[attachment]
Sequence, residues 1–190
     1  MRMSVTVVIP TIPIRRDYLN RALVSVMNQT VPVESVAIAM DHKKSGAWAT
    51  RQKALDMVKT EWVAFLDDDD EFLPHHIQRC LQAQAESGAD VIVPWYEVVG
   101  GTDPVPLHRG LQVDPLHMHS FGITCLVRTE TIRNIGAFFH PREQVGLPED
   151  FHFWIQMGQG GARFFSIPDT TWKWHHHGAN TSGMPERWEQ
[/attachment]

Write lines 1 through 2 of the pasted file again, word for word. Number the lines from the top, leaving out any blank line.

Sequence, residues 1–190
     1  MRMSVTVVIP TIPIRRDYLN RALVSVMNQT VPVESVAIAM DHKKSGAWAT